25.12.20

Christmas Day Photography Journal: Romantic Musings On Found Objects (And Some Tibetan-style Momo)

Inspired by the Romantics, I find inspiration in the everyday material world.

Chained bicycle on Roosevelt Avenue in Queens

A bike covered in pigeon droppings. OK. That’s ewwwww. But. Look. 

Cheesy grits, egg, and green onion

A bowl of grits, green onions, and cheesy eggs. 

Greig Roselli at an art bookshop

Me looking at art books. 

A snapshot from my favorite mobile game @taptapfish

Homemade Tibetan-style dumplings (known as “Momo”) and a pretty portrait shot of the famous penguin sculpture in Jackson Heights, Queens. It’s my way of finding beauty, elegance, and looking up from the gutter to see the stars (to paraphrase Oscar Wilde).

17.12.20

Quote: Isaac Watts Admonishes How Idle Hands Are the Devil's Work (And a Reflection on How I Got Into the Habit of Collecting Quotes)

"In works of labour, or of skill, I would be busy, too;

For Satan finds some mischief still 

For idle hands to do."

— Isaac Watts, 1674 - 1748
Nacer Eddine

Photo by nacer eddine on Unsplash

I do this thing where I look at my old journals. 

It's the greatest accomplishment of my youth. That I wrote a lot of entries. It's an activity that I tell my students to do often (as I am a high school English teacher), and I wonder if it must be a thing of adolescence — to inscribe one's thoughts down on paper. As an adult, I am not as prone to journal writing. I've lost interest in my own subjectivity!

That's sort of a joke, but I have done one activity consistently — collecting quotes. I found the above quote about idleness in one of those old journals from my youth.

It's easy to scoff at Isaac Watt's suggestion that one ought to stay busy. It's a sentiment ingrained in the Puritan notion of "work ethic" that has so often infused every aspect of American culture and history. In the current dispensation, productivity is rewarded, and idleness is looked down upon as indicative of a rotten soul.

I guess that is why the devil is co-opted in this dialectic between work and inactivity — since the devil is the symbol of perversion. Therefore, the lack of work, the absence of productivity is an abomination in this worldview.

There is a lot to be said for idleness, though. Even when the devil is idle, I suspect, they are having a good time!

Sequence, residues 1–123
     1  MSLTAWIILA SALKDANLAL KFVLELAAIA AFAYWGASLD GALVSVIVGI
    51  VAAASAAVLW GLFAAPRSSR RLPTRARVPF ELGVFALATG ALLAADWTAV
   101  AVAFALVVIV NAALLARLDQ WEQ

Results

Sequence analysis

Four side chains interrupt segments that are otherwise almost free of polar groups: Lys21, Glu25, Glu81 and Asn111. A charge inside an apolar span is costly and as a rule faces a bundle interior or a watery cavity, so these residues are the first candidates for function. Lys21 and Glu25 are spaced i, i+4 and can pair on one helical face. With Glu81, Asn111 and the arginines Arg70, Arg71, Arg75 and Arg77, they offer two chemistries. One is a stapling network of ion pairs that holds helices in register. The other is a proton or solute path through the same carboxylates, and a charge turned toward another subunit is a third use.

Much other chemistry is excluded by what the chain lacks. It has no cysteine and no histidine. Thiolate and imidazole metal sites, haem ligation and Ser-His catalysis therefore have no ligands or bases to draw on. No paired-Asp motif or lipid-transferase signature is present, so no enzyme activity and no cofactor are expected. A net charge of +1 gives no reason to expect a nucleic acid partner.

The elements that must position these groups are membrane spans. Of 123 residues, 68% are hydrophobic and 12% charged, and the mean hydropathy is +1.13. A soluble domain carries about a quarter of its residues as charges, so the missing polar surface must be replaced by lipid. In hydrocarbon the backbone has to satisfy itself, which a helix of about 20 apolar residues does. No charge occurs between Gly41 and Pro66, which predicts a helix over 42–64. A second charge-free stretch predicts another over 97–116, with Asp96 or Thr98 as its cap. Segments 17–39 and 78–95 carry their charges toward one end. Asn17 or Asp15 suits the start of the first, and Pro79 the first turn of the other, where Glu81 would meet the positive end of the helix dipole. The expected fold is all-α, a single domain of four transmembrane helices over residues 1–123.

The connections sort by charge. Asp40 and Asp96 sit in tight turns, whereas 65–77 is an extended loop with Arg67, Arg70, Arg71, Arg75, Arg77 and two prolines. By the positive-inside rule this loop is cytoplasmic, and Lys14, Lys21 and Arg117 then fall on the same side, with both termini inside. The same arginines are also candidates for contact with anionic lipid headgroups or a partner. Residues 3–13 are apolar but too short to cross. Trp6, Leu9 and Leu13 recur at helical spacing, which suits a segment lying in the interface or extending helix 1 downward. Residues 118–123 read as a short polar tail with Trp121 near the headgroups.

11.12.20

Photograph: A Scene of a Winter Gloaming in Queens

A million years ago I spotted the gloaming on a Summer evening in Brooklyn near the Gowanus Canal. Fast forward into the future and here I am in Queens, on a Winter evening, having spotted the gloaming.
Winter Evening Sky in Queens
The Gloaming As Seen from 37th Avenue in Queens Looking Southwest

Words to Describe the Period of Sunset

In the English language there are a few words that can be used to describe that moment between day and night. The most common word is dusk — which I feel like is a broad term to describe that temporal zone in which the sun has dipped below the horizon but a sliver of light remains. 

It is part of the larger sunset process, that process seen from an observer on Earth as the day and night cycle. The sun seems to dip below the horizon line, never to be seen again. Our ancestors hoped for another new day — and especially in Wintertime, as the sunlight grows less during the day, we pine for more light — hence the origin of almost every Winter holiday celebration from Diwali, to Hannukah and Kwanzaa, and to Christmas. We look and pray for the restoration of light.

Twilight or Gloaming?

Twilight — which is closer to what the term gloaming means. It is that precious moment where the last dots of lights appear in a reddish, bronze haze of light — and then slowly descend into night.

I imagine gloaming is the more poetic term. Twilight is reserved the scientific view of the event. Read this nice article from the British newspaper The Guardian for a thorough review of the different terms.

I like this time of day — while it is just as likely to capture a similar picture in the morning, when in reverse, we see a similar process in the dawn.

When have you seen a gorgeous dusk? What do you call it?

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